Let users make their own upgrade decisions

I doubt many IT managers look forward to new releases of software. Along with the pain of having to assess whether the changes or...

I doubt many IT managers look forward to new releases of software. Along with the pain of having to assess whether the changes or improvements merit an upgrade, they have to contend with a software time-bomb.

With each new software release the clock starts ticking: within four to five years the previous release, which may well be running successfully today within the business, will become more or less useless.

Why? It is because most software suppliers will not provide support on a product five years after it goes out of production. I can understand why. It is financially impossible to support older versions of software in a meaningful manner.

So why not run it unsupported? IT experts generally advise against such a strategy as it puts the business in a precarious position: if the software fails; if there is a security issue, who will plug the hole.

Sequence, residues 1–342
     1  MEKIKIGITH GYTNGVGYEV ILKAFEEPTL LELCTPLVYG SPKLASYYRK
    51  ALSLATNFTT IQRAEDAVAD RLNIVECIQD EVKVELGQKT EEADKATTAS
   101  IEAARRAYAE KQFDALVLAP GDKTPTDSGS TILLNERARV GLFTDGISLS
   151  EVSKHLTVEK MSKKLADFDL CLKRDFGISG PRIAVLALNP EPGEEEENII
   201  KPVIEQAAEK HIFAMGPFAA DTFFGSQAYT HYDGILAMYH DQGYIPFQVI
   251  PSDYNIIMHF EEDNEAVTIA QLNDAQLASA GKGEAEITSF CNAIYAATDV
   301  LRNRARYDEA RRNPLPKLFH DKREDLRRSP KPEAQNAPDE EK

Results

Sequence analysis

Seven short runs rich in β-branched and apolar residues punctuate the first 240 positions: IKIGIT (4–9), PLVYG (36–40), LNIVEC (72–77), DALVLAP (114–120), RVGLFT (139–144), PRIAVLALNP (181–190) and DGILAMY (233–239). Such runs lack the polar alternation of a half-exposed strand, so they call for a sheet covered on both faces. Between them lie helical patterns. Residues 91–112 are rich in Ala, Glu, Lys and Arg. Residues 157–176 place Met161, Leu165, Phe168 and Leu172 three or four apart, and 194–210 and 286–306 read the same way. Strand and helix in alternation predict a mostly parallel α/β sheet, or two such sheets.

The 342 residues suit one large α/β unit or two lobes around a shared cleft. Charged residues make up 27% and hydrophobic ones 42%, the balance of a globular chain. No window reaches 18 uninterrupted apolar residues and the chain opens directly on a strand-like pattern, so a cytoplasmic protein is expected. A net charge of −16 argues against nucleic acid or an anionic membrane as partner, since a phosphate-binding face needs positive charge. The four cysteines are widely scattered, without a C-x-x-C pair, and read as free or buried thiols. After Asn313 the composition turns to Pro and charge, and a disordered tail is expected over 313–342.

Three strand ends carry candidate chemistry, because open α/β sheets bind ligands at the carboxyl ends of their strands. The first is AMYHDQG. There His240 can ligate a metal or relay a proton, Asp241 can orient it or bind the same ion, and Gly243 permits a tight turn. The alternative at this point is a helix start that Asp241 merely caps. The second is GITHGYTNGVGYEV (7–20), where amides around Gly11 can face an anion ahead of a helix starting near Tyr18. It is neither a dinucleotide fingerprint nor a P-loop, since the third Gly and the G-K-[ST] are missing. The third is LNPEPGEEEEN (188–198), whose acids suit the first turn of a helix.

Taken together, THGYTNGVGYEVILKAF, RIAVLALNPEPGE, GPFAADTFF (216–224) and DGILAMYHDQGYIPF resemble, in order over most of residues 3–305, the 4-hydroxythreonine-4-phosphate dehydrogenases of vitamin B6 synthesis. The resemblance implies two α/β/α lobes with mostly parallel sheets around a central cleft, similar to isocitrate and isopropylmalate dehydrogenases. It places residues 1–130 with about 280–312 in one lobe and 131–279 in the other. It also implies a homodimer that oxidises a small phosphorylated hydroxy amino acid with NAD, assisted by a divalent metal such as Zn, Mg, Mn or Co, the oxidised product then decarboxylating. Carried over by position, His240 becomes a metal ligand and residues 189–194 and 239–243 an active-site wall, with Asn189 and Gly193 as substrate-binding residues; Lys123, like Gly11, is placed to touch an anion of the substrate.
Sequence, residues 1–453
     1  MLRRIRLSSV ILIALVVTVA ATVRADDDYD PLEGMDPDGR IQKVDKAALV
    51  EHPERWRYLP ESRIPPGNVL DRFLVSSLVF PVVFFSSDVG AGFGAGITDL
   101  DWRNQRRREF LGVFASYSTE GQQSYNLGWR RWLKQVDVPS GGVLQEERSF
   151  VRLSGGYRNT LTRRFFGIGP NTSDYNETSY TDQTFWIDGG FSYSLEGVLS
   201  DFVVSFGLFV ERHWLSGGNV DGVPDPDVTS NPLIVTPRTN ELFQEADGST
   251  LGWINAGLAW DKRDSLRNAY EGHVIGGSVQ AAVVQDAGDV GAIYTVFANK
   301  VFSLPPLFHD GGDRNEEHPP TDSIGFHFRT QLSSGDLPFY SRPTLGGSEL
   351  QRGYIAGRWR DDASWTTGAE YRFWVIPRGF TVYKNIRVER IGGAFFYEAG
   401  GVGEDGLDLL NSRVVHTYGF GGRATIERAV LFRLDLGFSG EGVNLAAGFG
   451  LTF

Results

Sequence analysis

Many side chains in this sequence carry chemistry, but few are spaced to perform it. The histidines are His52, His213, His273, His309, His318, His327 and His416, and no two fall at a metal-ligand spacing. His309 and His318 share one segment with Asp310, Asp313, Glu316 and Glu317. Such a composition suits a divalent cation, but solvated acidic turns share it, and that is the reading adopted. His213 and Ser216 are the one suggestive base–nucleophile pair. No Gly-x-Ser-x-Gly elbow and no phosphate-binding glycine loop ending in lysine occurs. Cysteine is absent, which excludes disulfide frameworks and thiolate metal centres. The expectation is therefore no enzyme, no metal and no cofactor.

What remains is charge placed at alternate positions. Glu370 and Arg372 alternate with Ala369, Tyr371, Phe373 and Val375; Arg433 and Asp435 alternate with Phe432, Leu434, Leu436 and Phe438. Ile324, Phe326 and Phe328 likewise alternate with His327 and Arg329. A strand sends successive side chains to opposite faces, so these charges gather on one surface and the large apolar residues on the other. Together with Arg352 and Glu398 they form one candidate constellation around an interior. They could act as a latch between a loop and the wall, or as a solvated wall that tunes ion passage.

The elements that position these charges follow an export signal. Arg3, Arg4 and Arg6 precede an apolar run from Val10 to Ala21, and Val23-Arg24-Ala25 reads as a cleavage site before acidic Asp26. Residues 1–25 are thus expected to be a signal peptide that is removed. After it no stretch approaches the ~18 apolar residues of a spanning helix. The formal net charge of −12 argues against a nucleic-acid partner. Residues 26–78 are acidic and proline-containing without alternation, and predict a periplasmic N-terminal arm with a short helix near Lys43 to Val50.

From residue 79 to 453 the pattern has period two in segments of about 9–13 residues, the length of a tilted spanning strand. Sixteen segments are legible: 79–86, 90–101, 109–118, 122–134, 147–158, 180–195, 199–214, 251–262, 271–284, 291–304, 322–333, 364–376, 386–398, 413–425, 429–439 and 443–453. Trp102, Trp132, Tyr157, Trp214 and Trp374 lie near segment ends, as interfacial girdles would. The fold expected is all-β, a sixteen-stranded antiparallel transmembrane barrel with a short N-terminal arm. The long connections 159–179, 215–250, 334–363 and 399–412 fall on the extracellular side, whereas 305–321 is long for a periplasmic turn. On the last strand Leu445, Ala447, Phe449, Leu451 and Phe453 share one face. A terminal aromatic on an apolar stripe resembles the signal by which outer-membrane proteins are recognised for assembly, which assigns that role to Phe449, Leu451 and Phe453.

The industry's option for users is the extended support agreement. Extended support is not indefinite. The primary goal for the supplier is to give users enough time to migrate onto the latest version of their software. And it is not cheap.

In the past few weeks Microsoft has made a spectacular change to its stated policy on Windows NT 4.0 - extending standard support for a further year. Anyone who has already paid for extended support should feel mighty angry as the extra year's support is only being charged at Microsoft's standard support rate. So there is also a case for refraining from buying extended support, as the supplier may change its support strategy.

As users mull over their choices one thing is clear - they need to raise any concerns on support for older products with their suppliers as early as possible. Generally, the industry will only support a product for five years. But user pressure has forced both Oracle and Microsoft to extend support.

Ultimately all organisations need to upgrade their software, but businesses should work to their own change-management procedures and agenda and not have change driven by the software industry.

Cliff Saran is managing editor (technology) of Computer Weekly.

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